The whole nation is all set to celebrate the most important milestone in India's history as the 75th Independence Day is just around the corner. Independence Day marks the occasion when India finally achieved freedom against Britishers on 15 August 1947.
The national festival is a reminder of the countless sacrifices of our leaders and freedom fighters.
Every year, on this day, India's prime minister unfurls the national flag 'tiranga' or 'tricolour' on the Red Fort. This year as well, Prime Minister Narendra Modi will hoist the tricolour and address the nation from the Red Fort.
For the unversed, the national flag came into existence after a series of modifications and developments.
Below, check out a few interesting facts about the national flag:
- India's first national flag was hoisted in the Parsee Bagan Square (Green Park) of Kolkata (then Calcutta) on 7 August, 1906. It was made of three horizontal stripes of green, yellow, and red colours (top to bottom). The red strip had a sun and a crescent while the green strip had eight lotuses.
- The second flag was unfurled in 1907 by Madame Cama and her band of exiled revolutionaries. The second flag was similar to the first one, however, a few changes were done on it. The colour of the strips was changed with saffron on the top, yellow in the middle, and green on the bottom. The lotuses were changed with stars on the top strip and the positions of the sun and crescent were also interchanged.
- In 1917, the third modification of the national flag was hoisted by Dr Annie Besant and Lokmanya Tilak during the Home Rule movement. On the third flag, five red and four green horizontal strips were alternately arranged. It had the Union Jack on the left-hand top corner along with seven stars in the saptarishi configuration. In one corner, a white crescent and star were also placed.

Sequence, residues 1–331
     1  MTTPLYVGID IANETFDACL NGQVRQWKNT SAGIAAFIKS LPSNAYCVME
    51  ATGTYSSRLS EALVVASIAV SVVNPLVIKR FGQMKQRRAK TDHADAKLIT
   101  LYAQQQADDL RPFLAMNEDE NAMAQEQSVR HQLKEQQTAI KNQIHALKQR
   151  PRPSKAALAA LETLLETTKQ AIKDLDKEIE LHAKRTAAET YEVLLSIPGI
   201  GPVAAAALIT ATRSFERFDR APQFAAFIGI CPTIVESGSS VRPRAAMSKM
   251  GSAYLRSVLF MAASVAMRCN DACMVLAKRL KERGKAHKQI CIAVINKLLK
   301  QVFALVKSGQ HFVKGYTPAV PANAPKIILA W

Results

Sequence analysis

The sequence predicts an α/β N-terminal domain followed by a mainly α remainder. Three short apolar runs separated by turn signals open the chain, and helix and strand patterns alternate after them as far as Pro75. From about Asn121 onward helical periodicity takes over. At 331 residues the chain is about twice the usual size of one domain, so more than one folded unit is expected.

- An Andhra youth, in 1921, showed a new design of a flag to Mahatama Gandhi during the All India Congress Committee session. It had two colors - Red and Green. The red colour represented Hindus while the green was for Muslims. Gandhi then suggested him to add another strip of white colour in order to represent all the remaining Indian communities. The idea of adding a spinning wheel to the design was also given by Gandhi as a symbol of the nation's progress.
- Then, in 1931, the resolution of adopting a tricolour flag as India's national flag was passed. It had three strips of saffron, white, and green (top to bottom) along with a spinning wheel in the center. While people were fine with the strips, they objected the inclusion of a spinning wheel reasoning that it had no communal significance.
- At last, the Constituent Assembly adopted free India National Flag on 22 July 1947. The colour strips and significance of the Indian national flag remained the same after Independence. However, Emperor Ashoka's Dharma Chakra replaced the spinning wheel as the flag's emblem.